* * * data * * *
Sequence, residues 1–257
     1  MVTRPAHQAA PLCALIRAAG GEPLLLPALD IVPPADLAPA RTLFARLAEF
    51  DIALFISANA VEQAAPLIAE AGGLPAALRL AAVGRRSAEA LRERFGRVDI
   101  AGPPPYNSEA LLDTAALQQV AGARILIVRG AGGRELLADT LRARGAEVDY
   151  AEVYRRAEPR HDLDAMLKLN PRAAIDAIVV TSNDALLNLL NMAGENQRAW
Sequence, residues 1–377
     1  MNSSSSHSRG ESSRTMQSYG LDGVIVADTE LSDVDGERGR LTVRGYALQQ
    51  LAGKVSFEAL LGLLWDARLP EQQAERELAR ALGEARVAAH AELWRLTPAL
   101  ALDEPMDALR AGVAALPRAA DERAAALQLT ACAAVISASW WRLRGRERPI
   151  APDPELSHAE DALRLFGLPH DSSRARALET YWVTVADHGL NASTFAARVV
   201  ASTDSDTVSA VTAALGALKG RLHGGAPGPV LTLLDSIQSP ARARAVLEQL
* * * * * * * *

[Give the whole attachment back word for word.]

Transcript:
Sequence, residues 1–257
     1  MVTRPAHQAA PLCALIRAAG GEPLLLPALD IVPPADLAPA RTLFARLAEF
    51  DIALFISANA VEQAAPLIAE AGGLPAALRL AAVGRRSAEA LRERFGRVDI
   101  AGPPPYNSEA LLDTAALQQV AGARILIVRG AGGRELLADT LRARGAEVDY
   151  AEVYRRAEPR HDLDAMLKLN PRAAIDAIVV TSNDALLNLL NMAGENQRAW
Sequence, residues 1–377
     1  MNSSSSHSRG ESSRTMQSYG LDGVIVADTE LSDVDGERGR LTVRGYALQQ
    51  LAGKVSFEAL LGLLWDARLP EQQAERELAR ALGEARVAAH AELWRLTPAL
   101  ALDEPMDALR AGVAALPRAA DERAAALQLT ACAAVISASW WRLRGRERPI
   151  APDPELSHAE DALRLFGLPH DSSRARALET YWVTVADHGL NASTFAARVV
   201  ASTDSDTVSA VTAALGALKG RLHGGAPGPV LTLLDSIQSP ARARAVLEQL